- Expected Apr 13, 2021
A powerfully persuasive and thoroughly entertaining guide to the most effective way to un-rig the economy and fix inequality, from America's wealthiest “class traitors”
The vast majority of Americans—71 percent—believe the economy is rigged in favor of the rich. Guess what? They’re right.
How do you rig an economy? You start with the tax code. In Tax the Rich! former BlackRock executive Morris Pearl, the millionaire chair of the Patriotic Millionaires, and Erica Payne, the organization’s founder, take readers on an engaging and enlightening insider’s tour of the nation’s tax code, explaining exactly how “the rich”—and the politicians they control—manipulate the U.S. tax code to ensure the rich get richer, and everyone else is left holding the bag.
Blunt and irreverent, Tax the Rich! unapologetically dismantles the “intellectual” justifications for a tax code that virtually guarantees destabilizing levels of inequality and consequent social unrest. Infographics, charts, cartoons, and lively characters including “the Werkhardts” and “the Slumps” make a complicated subject accessible (and, yes, sometimes even funny) and illuminate the practical reforms that can put America on the road to stability and shared prosperity before it’s too late. Never have the arguments in this book been more timely—or more important.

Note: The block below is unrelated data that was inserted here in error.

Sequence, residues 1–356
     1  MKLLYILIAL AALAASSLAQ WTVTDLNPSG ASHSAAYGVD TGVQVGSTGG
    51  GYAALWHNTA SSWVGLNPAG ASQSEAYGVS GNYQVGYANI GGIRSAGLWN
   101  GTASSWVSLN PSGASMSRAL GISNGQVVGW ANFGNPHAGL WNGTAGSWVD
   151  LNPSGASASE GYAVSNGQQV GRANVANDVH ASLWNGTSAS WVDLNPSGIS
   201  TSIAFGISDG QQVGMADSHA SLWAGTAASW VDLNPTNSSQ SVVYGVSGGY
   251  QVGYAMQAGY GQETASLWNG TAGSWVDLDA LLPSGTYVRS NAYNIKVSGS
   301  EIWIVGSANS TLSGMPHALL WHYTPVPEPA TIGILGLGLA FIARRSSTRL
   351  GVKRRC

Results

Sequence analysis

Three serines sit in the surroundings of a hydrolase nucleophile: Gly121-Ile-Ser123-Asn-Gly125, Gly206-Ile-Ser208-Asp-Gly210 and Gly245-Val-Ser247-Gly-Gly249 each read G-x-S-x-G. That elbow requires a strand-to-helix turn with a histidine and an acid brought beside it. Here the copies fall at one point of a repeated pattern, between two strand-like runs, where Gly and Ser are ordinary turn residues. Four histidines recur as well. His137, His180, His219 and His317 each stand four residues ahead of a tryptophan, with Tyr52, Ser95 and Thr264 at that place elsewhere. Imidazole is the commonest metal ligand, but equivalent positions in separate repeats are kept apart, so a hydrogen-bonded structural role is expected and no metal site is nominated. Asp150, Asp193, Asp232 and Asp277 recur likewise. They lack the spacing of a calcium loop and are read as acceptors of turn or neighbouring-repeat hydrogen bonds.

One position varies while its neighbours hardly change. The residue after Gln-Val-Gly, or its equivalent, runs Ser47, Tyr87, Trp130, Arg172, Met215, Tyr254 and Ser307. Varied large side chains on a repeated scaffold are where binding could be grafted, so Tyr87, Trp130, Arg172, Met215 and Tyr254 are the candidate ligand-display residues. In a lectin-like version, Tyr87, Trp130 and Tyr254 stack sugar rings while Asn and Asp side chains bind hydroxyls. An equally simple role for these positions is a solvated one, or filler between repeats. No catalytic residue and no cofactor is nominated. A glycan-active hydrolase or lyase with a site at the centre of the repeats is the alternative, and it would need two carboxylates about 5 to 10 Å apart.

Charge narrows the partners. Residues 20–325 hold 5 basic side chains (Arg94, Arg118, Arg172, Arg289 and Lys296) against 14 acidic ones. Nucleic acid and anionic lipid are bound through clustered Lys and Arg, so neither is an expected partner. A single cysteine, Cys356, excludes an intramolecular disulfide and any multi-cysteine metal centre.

The leaders of the Patriotic Millionaires, an organization of Americans with assets of more than $5 million who advocate against wealth disparity, present an accessible guide to the inequities of the American tax system. Pearl (How to Think Like a Patriotic Millionaire), the former managing director of BlackRock, and political strategist Payne (The Practical Progressive!) explain economic concepts like "marginal utility" (the difference in effect that a sum of money can have based on a person's level of need) and analyze loopholes that allow people to avoid paying taxes on long-term investments and inherited wealth. Elsewhere, Pearl and Payne explain how corporations funnel profits through foreign tax havens and reduce their tax burdens by paying executives in stock options. The authors include useful graphs to explain complex financial matters and lighten the mood with tax-related political cartoons. Their suggestions for reform include equalizing the capital gains tax rate and the income tax rate, creating dozens of new tax brackets with increasing rates at the top end of the income scale, and instituting a wealth tax on "the absolute richest Americans." Unfortunately, the only advice for achieving these reforms is to vote out legislators who support unfair tax policies. Nevertheless, this is an illuminating insider's view of how the wealthy exploit the U.S. tax code.